Tuesday, March 17, 2015

Bewick's Wren

Bewick's Wren
Redding, California, USA
November 2014
Member of the Wren Family
§A Chime of Wrens§

~true bird fact~ He might look innocent, but don't let that fool you. This Bewick's Wren is engaged in a high stakes game of deadly nest espionage with his hated rival, the House Wren. Bewick's Wrens have all but disappeared from the Eastern United States, and it's thought that the expansion of the House Wren population is to blame. House Wren's frequently sneak the Bewick's Wren's eggs out of the nest and take it over themselves. In response, these birds often build 'dummy nests' as a misdirect, peck holes in other bird's eggs, and "defend nesting territory with singing" (a direct quote from the Audubon.org field guide, which leaves the way this is accomplished up to the reader's imagination).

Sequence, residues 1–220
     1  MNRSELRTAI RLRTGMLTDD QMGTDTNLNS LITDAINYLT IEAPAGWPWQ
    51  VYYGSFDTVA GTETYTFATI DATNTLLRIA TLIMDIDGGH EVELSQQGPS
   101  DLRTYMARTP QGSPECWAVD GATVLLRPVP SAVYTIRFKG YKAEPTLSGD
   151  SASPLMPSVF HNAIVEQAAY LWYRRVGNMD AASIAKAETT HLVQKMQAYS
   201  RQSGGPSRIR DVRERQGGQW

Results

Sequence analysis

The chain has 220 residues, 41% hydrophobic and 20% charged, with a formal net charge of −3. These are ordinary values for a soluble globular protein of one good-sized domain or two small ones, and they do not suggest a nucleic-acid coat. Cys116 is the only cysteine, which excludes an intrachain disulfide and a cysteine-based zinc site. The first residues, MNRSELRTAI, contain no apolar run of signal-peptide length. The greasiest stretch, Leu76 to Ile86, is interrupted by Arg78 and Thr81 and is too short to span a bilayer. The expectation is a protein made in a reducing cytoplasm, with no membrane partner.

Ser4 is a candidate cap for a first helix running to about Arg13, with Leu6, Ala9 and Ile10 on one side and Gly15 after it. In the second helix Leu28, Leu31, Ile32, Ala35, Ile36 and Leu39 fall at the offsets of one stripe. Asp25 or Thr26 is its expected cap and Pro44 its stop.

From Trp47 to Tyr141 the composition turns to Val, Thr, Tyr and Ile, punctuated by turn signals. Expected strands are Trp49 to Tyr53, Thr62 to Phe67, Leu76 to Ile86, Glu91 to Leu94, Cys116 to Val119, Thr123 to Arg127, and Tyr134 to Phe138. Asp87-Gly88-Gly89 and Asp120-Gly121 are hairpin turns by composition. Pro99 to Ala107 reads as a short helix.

Paranoid and jumpy (is it paranoia if they're really out to get you?)
Considers family traditions very important
Seeks closer bond with humans than most birds. Acts cute to get attention

Thomas Bewick
This bird was named after Thomas Bewick, by his friend James Audubon. Bewick was an engraver first, but eventually found acclaim as a naturalist and author. He illustrated children's books, engraved silverware, and did engravings for advertisements. He became well known for his illustrations of various versions of Aesop's Fables and a book called A History of Quadrupeds. He was a big proponent of wood engraving as a medium, and pioneered new techniques and tools to make it higher quality and less expensive. His most famous work was A History of British Birds, which he co-wrote and illustrated. A man after your amateurnithologist's own heart, he was credited with adding humanity and humor to his illustrations and books, adding unrelated illustrated vignettes to his nature books.

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